Loss and Damage FundOn November 20, 2022, members of the United Nations Climate Conference (COP27) passed a loss and damage fund. Most plainly, the fund is an agreement by G20 nations to aid developing, climate-vulnerable countries with financial assistance as they adapt to the effects of extreme weather patterns in their territories.

G20, an intergovernmental forum of countries like the United States (U.S.), Argentina and France — nations that are historically responsible for 75% of greenhouse gas emissions worldwide. However, changing weather patterns impact low-income nations the most and they often carry the burdens related to that even though they are not all as responsible for carbon emissions as other countries. For example, Pakistan emits less than 1% of global admissions yet has $30 billion in damages from severe flooding.

The Need for a Loss and Damage Fund in the Maldives

Climate-vulnerable countries have been demanding a loss and damage fund for more than three decades, with the Alliance of Small Island States (AOSIS) spearheading the movement. G77 nations, a group with developing economies like the Bahamas, believe high-emission countries have a climate debt they need to pay to poor nations whose standards of living are suffering due to changing weather patterns.

As a result of extreme climate disasters, such as severe flooding, bushfires, species extinction, rising sea levels and crop failures, citizens of impoverished nations are losing their land and culture. One prime example of such a nation is the Maldives, as rising sea levels are affecting the country.

Trouble in the Maldives

The Maldives is a nation made up of 1,190 islands facing territorial damage as a result of changing weather patterns. According to the Intergovernmental Panel on Climate Change (IPCC), heightened ocean temperatures as a result of global warming have led to rising sea levels and 70% of its coral bleaching. As a low-lying country with 99% of its territory consisting of seawater and most islands sitting at less than one meter above sea level, the Maldives sinks further into the ocean every year.

The Maldives’ most pressing issue is beach erosion. As a result of sea levels rising, sand ends up in the ocean and trees’ roots cannot support them, wiping away land from the islands as ocean levels rise 3 to 4 millimeters per year.

While the Maldives is losing its geographic and physical presence to the ocean, its population is also facing cultural erasure. As communities move once their homes and recreational centers become uninhabitable, a culture heavily connected to the sea is unable to properly interact with the water surrounding it. The waning biodiversity and health of coral reefs, beaches and mangrove ecosystems also prevent the traditional fishing industry from flourishing.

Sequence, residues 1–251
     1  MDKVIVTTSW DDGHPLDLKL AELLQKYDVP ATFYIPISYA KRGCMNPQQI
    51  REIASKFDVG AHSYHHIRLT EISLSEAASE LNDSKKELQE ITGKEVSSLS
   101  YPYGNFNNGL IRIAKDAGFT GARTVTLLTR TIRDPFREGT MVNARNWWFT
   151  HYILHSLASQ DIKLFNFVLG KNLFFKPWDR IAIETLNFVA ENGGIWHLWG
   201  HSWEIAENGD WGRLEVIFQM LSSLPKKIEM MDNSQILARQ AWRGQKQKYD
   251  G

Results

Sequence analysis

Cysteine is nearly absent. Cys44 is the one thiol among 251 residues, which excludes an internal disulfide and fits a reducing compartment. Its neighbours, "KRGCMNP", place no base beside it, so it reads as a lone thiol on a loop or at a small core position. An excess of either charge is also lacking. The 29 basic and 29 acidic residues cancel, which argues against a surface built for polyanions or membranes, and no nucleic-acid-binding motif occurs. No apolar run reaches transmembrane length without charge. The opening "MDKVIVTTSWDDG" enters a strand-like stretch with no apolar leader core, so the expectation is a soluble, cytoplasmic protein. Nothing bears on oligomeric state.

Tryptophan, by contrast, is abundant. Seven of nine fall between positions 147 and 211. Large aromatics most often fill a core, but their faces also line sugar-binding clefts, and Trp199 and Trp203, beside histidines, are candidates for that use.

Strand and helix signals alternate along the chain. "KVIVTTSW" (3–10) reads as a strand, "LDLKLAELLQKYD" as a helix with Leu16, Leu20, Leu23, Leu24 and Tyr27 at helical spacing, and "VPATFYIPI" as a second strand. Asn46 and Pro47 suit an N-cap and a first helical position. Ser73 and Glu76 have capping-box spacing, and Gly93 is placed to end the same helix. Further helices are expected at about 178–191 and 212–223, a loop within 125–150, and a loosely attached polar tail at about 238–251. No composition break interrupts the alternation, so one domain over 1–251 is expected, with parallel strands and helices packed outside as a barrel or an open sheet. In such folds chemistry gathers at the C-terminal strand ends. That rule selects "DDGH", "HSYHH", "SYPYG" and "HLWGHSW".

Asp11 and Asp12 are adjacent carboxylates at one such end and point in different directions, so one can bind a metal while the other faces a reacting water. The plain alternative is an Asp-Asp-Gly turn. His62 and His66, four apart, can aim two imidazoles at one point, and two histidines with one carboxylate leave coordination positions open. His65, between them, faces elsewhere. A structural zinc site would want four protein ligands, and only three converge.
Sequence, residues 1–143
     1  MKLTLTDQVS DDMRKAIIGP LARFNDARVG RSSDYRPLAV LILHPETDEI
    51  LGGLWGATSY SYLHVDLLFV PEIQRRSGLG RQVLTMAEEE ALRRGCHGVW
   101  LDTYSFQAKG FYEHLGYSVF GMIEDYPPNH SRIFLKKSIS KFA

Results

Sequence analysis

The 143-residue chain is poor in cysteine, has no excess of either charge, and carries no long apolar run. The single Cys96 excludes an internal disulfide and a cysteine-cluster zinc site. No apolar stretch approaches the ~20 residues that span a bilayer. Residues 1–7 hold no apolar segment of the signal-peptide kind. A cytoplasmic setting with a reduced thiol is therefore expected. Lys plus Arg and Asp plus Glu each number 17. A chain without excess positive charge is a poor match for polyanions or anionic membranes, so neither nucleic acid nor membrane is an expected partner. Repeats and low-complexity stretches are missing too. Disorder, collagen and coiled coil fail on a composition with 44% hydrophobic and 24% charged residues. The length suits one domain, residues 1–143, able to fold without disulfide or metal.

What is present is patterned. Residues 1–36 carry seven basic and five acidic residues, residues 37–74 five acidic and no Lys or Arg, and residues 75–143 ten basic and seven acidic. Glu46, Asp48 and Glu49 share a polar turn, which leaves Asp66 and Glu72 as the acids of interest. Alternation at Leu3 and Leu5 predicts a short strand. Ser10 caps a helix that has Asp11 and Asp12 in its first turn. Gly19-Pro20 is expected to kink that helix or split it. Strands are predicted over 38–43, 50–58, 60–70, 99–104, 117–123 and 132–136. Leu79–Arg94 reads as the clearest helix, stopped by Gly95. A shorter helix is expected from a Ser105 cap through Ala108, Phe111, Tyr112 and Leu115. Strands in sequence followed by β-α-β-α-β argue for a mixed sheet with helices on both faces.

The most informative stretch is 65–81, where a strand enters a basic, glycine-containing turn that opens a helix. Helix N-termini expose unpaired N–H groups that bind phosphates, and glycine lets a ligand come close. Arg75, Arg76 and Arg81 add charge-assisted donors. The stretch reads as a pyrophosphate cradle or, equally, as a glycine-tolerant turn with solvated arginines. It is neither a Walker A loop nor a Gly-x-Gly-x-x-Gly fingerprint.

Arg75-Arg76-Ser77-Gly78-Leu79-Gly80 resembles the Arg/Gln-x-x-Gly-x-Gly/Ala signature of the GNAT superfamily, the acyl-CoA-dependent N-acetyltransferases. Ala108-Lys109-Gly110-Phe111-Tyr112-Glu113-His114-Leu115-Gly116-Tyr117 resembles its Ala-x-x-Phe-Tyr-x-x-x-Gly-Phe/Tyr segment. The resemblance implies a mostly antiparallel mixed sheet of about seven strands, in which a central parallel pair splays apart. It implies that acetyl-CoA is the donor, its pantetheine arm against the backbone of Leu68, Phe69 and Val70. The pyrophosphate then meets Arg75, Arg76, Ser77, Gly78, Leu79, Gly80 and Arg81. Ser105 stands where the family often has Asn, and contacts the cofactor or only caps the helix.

The Maldives and the Loss and Damage Fund

Due to the damaging sea level rise in the Maldives, advocates like former president Mohamed Nasheed were major supporters of developed countries providing financial assistance to island nations. Adaptations to help mitigate the effects of changing weather patterns on the population include a sea wall to prevent beach erosion and protect the main island of Malé from wave destruction. However, initiatives for improving urban infrastructure and disaster preparation are expensive, resulting in a World Bank loan of more than $16 million to the Maldives for climate mitigation measures.

The Maldivian government has supported the installment of a loss and damage fund so it could freely take measures to keep its population and land safe from changing weather patterns without owing massive debts to organizations like the World Bank. Now that the Maldives has passed the fund, the Maldives must wait until COP28 for financial planning to get underway. Nonetheless, $140 to $300 billion will likely go toward climate-vulnerable nations.

Looking Ahead

For now, the Maldives is looking to be resilient to climate impacts by exploring alternative measures. The government finished the construction of a man-made island, Hulhumalé, in 2018. Labeled the City of Hope by locals, it is two meters above sea level, which mitigates the impact of flooding, beach erosion and sea level rise on the island. With space for more than 240,000 people, the Maldivian government is hoping to move residents from the capital of Malé, where space is limited due to the island’s sinking, to new homes.

As the construction of Hulhumalé demonstrates, the Maldivian government and its people are tackling the effects of extreme weather patterns on their nation in innovative ways. The loss and damage fund established at COP27 appears to be a promising step in the direction of climate justice and resilience for impoverished nations.

– Meilyn Farina
Photo: Flickr